The Trade Unions Bill is the beginning of the end for all workers' rights

Political influence of the trade union movement to be severely restricted under new law
Political influence of the trade union movement to be severely restricted under new law
Adam Bienkov By

The government's new Trade Unions Bill is not just an attempt to limit the right to strike. It is an attempt to end it altogether.

Under the new legislation, the details of which are being revealed today, it will be virtually impossible for workers in the public sector to ever again organise industrial action to defend their pay and conditions.

The first provision in the bill is that all unions will need to persuade at least half of their members to take part in strike ballots before they can be authorised.

This alone will be hard enough. Under current legislation, the only way that members can take part in union ballots is via post. Ballots can only be sent out to home addresses and as a result they often lie unopened on people's doorsteps. Consequently, the first many people hear about strikes is when they are about to take part in them. This is clearly not sensible and unions have repeatedly requested for a change in the law to allow online or workplace voting instead. If the government really cared about improving the democratic processes in trade unions these provisions would be in this new bill, but they are not.


The restrictions don't stop there. Unions representing public sector workers such as teachers, train drivers and doctors will have to pass a much tougher test before being allowed to strike. Under the new law, even if public sector unions can somehow persuade more than half of their members to open the ballots and respond in time, the government have added a further threshold requiring more than 40% of all those eligible to strike to vote in favour. Any abstentions are automatically counted as a vote against.

So in a ballot where 50% of members take part, public sector unions will need a whopping 80% vote in favour before any strike action can go ahead. This is a ludicrously high bar that will make it all but impossible for most industrial action to take place.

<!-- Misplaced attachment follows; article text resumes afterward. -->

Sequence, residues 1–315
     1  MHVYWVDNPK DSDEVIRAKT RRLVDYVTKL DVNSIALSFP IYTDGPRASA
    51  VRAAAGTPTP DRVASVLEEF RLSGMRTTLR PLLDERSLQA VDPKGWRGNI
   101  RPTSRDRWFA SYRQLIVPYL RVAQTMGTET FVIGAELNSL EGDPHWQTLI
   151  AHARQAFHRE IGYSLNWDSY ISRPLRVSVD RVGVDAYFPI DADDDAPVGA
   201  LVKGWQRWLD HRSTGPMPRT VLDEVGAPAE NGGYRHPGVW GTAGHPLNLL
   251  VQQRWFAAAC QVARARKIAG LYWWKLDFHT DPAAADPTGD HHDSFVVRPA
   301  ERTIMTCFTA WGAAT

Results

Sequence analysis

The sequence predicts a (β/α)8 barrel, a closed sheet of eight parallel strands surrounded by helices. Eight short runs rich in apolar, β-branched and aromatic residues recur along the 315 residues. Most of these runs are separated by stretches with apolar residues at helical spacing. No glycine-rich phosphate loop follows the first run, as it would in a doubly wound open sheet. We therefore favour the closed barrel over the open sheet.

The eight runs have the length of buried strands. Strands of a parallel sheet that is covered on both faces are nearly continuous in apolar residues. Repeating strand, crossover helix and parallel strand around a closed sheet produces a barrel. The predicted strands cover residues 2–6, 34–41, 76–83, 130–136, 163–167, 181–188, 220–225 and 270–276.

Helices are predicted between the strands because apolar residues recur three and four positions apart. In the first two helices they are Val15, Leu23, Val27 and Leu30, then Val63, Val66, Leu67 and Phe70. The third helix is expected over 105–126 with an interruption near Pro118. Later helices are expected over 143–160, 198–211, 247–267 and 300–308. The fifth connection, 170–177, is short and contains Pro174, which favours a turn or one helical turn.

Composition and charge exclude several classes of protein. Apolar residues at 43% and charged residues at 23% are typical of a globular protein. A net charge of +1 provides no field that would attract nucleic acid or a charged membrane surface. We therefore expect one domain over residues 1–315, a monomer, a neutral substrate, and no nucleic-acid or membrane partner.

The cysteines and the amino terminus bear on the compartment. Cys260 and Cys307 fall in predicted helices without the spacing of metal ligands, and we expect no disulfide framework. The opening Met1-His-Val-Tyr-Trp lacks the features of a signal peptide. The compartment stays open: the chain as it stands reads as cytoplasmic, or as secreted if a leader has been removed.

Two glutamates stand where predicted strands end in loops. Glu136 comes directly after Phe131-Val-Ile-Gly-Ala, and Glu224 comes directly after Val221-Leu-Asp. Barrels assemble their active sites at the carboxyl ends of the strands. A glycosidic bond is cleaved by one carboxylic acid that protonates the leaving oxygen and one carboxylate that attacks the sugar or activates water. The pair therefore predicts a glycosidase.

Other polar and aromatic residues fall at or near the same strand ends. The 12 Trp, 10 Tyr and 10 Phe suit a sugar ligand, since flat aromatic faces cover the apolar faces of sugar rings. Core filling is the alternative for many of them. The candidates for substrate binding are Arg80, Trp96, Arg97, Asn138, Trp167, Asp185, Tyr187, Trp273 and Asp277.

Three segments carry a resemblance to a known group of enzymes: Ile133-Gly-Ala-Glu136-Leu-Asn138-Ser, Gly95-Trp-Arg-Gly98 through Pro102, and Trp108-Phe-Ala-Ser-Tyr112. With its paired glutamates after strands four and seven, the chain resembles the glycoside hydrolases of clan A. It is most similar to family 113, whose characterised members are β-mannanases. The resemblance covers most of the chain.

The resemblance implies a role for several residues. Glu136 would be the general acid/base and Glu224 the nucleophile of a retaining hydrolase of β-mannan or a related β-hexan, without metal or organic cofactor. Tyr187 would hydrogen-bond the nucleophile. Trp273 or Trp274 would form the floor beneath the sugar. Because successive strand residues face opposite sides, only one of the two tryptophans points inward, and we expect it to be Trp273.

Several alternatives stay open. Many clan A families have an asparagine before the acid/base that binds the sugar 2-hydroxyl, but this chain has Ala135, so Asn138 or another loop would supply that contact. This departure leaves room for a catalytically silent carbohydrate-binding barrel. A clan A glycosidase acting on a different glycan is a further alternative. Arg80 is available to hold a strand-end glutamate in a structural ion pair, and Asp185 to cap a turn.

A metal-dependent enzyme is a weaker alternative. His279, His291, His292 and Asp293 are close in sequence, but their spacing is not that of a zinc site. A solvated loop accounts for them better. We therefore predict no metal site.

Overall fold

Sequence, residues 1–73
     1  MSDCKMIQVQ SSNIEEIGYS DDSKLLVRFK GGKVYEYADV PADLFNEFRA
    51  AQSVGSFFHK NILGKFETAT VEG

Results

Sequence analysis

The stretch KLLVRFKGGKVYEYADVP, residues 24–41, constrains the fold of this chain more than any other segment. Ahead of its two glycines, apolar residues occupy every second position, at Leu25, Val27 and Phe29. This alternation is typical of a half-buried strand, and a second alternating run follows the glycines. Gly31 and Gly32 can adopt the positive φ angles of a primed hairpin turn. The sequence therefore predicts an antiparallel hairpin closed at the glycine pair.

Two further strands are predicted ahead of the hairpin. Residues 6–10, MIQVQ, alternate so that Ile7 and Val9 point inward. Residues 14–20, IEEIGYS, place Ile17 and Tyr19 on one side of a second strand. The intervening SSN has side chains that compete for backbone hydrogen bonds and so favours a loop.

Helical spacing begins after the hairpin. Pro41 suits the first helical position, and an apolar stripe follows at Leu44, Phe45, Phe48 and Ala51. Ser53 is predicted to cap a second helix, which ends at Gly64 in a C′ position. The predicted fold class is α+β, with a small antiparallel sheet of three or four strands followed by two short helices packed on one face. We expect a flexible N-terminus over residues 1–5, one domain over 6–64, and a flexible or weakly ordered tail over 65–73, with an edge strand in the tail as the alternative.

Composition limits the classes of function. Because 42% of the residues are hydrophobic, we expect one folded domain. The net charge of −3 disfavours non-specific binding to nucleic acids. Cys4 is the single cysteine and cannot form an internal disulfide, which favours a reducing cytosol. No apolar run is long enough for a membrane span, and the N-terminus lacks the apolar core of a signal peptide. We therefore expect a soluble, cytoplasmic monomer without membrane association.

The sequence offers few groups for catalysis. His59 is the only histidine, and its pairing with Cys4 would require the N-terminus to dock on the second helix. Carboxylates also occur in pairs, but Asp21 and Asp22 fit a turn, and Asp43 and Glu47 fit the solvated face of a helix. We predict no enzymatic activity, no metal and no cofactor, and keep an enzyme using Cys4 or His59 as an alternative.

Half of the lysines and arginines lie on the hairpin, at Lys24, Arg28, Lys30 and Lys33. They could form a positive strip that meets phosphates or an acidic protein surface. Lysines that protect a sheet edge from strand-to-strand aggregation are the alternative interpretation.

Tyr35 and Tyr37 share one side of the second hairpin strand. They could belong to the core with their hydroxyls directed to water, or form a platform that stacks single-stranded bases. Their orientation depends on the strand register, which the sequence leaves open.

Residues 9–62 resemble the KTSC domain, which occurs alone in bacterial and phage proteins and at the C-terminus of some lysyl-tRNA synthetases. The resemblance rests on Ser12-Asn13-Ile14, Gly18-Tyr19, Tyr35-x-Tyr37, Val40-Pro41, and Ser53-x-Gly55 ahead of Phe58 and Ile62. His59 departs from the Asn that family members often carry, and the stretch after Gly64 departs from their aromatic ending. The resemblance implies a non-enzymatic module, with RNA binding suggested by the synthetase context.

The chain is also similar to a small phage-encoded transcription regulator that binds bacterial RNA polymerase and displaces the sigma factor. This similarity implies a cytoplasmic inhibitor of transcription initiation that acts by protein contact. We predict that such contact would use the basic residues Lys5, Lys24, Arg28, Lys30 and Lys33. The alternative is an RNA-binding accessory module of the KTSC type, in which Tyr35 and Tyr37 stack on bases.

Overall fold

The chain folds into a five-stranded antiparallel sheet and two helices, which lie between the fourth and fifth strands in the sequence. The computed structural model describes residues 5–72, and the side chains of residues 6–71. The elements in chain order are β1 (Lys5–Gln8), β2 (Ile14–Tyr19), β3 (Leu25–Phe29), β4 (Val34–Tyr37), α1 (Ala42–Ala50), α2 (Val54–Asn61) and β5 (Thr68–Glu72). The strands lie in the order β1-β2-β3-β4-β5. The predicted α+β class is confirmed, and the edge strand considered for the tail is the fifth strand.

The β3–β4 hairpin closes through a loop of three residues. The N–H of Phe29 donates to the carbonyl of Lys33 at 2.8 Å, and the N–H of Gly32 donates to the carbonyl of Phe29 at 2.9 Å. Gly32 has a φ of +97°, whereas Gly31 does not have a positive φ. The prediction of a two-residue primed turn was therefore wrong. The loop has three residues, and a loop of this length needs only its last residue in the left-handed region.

Again, this isn't an attempt to limit strikes, it's an attempt to effectively ban them altogether.

It doesn't stop there either. On the extremely rare occasions that workers can somehow meet those thresholds, the government plans to make any subsequent strike action basically meaningless. Under new plans going out to consultation today, unions will have to give substantial notice before launching a strike and employers will then be allowed to hire agency workers to break them.

Even the most widely supported strike could therefore be broken before a single person has joined the picket line. Incidentally, picket lines could also become a thing of the past, with new rules restricting their ability to be enforced also going for consultation today.

The government's plans go even further than this however. Not content with cutting off the labour movement at the knees, the government also plan to cut it off at the head as well.

Under the new bill, union members will have to regularly opt into the levy used to fund union's political campaigns. This is a naked attempt not just to reduce funding for the Labour party, but more importantly to reduce the political influence of the trade union movement within British politics. With union donations down, Labour will be forced to seek more funding from businesses and individual donors, inevitably pushing UK politics even further to the right.

Unions will continue to be able to campaign against exploitative working conditions, unequal pay and discrimination, but their influence in Westminster will be severely reduced. The two biggest powers of trade unions - to withdraw labour and to lobby MPs - will be cut off in one fell swoop.

Yet this wide-ranging bill is just the first step in a far bigger attack on workers' rights. Once it is passed, it will immediately become far easier for the government and employers to implement even more draconian restrictions on people's basic pay and conditions. Proposals, such as those last week by Iain Duncan Smith to remove workers' rights to sick pay, are just the pointed end of a much longer blade. Once the trade union movement has been neutered by this bill, the real business of removing our long fought for rights can begin.

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